A new system of court orders to restrain stalking behaviour and protect victims has been introduced as part of a new Bill approved by Government.
The Criminal Justice Bill will allow the courts to be able to issue civil restraining orders against stalkers. The orders will not require a criminal prosecution and are easier for victims to obtain.
The wide-ranging Bill will also increase the maximum sentence for assault causing harm from five years to 10 years, allow life sentences for conspiracy to murder, make stalking and non-fatal strangulation standalone offences, and expand the existing harassment offence.
The Bill will now be brought before the Oireachtas and is expected to become law in the Autumn.
Minister for Justice Helen McEntee said: “Stalking is an extremely serious and intrusive crime that can cause devastating psychological distress.
“The evidence is that when a specific stalking offence is introduced, it leads to a greater awareness of the crime and an increase in the number of crimes reported and ultimately prosecuted – so we are doing that.
“But this legislation also includes an important system of civil orders to restrain stalking behaviour and protect victims. These orders allow earlier intervention and do not require a criminal prosecution.
“The new orders also go further than what is possible under domestic violence legislation in terms of who an order can be made against (not just close relationships) and the kind of conduct that can be prohibited by the court.”
The new stalking offence covers any conduct that either puts the victim in fear of violence or causes the victim serious alarm and distress that has a substantial adverse impact on their usual day-to-day activities.
A wide list of possible acts is included - such as following, communicating, impersonating, interfering with property or pets etc.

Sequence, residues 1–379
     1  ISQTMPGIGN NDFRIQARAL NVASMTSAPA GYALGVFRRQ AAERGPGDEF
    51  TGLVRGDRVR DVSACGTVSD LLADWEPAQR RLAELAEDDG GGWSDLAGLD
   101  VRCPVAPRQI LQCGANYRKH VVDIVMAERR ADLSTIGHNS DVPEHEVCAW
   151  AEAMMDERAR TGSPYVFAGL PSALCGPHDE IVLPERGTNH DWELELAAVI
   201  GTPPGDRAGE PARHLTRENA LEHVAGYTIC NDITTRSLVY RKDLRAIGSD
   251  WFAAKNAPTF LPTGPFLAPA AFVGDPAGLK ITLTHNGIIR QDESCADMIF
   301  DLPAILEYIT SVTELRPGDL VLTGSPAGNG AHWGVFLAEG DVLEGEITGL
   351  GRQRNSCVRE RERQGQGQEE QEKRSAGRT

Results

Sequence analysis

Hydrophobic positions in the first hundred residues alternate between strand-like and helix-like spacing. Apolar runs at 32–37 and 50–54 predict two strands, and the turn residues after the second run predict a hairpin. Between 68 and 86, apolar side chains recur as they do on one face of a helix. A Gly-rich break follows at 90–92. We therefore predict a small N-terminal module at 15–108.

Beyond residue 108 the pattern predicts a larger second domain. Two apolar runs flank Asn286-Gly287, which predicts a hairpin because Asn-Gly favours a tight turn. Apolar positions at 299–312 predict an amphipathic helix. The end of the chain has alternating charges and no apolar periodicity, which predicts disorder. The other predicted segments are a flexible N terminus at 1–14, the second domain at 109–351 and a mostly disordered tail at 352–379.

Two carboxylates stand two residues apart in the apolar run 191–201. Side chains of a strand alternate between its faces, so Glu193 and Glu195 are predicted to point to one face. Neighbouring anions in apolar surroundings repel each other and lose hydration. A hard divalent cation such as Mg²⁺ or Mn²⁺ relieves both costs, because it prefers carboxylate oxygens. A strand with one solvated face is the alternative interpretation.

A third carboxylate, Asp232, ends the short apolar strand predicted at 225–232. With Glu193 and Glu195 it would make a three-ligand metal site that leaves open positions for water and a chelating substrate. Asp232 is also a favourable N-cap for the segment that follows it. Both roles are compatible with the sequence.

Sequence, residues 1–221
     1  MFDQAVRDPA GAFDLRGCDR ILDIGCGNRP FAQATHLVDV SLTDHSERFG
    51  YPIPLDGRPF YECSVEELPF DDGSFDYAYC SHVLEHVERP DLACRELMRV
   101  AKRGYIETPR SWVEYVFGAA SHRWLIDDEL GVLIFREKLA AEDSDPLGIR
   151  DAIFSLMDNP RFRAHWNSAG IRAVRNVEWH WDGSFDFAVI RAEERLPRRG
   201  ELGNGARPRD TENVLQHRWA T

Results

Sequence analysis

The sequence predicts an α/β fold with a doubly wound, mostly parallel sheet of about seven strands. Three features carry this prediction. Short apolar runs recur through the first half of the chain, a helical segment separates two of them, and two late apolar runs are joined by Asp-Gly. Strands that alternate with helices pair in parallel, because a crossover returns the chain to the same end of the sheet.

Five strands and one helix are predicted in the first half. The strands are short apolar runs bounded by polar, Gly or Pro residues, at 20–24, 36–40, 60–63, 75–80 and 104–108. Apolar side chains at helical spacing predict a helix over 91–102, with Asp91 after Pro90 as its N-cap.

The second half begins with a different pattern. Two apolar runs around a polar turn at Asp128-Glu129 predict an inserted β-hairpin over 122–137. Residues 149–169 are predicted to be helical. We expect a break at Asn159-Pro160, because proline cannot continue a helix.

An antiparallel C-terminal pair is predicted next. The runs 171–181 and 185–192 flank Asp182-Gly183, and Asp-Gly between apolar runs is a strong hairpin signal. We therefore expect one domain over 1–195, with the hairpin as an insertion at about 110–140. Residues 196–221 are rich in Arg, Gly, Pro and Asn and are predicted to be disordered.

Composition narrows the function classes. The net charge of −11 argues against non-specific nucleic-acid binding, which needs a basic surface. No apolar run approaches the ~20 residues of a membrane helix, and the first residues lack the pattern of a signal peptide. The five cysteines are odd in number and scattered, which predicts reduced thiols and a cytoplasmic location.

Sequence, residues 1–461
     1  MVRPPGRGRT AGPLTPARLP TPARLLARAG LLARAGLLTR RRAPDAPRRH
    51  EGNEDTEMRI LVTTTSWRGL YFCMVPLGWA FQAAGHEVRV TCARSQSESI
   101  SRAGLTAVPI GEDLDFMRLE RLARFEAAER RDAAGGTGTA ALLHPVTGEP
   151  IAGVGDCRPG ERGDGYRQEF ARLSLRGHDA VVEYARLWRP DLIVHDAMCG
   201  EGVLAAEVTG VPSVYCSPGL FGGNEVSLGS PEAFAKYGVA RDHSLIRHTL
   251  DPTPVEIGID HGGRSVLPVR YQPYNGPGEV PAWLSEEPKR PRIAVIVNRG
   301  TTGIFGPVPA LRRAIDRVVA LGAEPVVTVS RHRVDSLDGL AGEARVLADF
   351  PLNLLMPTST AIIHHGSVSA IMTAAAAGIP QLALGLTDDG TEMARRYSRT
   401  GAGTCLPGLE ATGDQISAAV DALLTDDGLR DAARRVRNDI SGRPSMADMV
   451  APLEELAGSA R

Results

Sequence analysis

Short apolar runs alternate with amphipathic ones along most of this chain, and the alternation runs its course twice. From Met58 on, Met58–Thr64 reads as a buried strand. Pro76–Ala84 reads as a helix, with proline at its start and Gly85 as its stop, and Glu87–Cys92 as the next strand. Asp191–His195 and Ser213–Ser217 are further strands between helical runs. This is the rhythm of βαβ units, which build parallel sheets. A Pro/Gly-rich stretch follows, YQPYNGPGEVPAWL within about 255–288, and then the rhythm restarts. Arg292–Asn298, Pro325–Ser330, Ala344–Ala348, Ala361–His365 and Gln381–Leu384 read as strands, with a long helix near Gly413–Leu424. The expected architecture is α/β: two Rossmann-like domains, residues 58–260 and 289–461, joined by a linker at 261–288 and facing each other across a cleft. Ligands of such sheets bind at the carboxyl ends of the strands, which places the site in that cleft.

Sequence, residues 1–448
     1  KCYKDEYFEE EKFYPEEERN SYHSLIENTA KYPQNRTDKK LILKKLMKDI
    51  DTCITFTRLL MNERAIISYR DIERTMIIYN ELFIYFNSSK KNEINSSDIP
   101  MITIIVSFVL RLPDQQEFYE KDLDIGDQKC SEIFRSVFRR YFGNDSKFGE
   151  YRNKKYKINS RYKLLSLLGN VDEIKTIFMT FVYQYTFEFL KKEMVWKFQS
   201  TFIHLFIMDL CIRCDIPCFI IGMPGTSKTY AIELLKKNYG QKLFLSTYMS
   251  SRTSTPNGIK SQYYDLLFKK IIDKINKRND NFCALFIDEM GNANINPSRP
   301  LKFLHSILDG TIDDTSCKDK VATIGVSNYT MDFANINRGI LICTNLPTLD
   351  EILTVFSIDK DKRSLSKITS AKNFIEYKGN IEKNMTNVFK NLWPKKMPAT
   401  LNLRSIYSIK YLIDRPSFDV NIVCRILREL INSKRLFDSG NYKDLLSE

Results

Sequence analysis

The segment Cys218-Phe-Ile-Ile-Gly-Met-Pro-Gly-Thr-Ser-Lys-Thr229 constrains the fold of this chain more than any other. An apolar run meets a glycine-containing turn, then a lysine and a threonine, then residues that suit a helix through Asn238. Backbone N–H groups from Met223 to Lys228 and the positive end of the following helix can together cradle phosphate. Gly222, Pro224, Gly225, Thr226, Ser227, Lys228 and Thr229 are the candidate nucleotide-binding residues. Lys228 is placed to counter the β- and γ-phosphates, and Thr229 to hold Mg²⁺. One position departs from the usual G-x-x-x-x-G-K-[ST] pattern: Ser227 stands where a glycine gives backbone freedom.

The new stalking offence can be committed by a single act – it does not need to be persistent or repeated. It also covers situations where the person finds out about some or all of the stalking acts afterwards.
The maximum penalty for this offence will be 10 years.
The Bill also provides for the creation of two standalone offences for non-fatal strangulation.
The first provides that where an assault involves strangulation it has, without any other harm being shown, the same penalties as an assault causing harm offence, which is being increased to 10 years.
The second offence provides that where the strangulation caused serious harm, the maximum penalty is life imprisonment. This is similar to the existing offence of causing serious harm.
Ms McEntee added, “Non-fatal strangulation is a common feature of domestic abuse and is a strong predictor of further violent offences. It can also be difficult to prosecute at an appropriate level of seriousness where there is no visible injury.
“The Garda Commissioner has specifically requested the introduction of a new offence, and it also reflects recent international practice. This proposal will help ensure that assaults involving strangulation are properly identified, charged and punished.”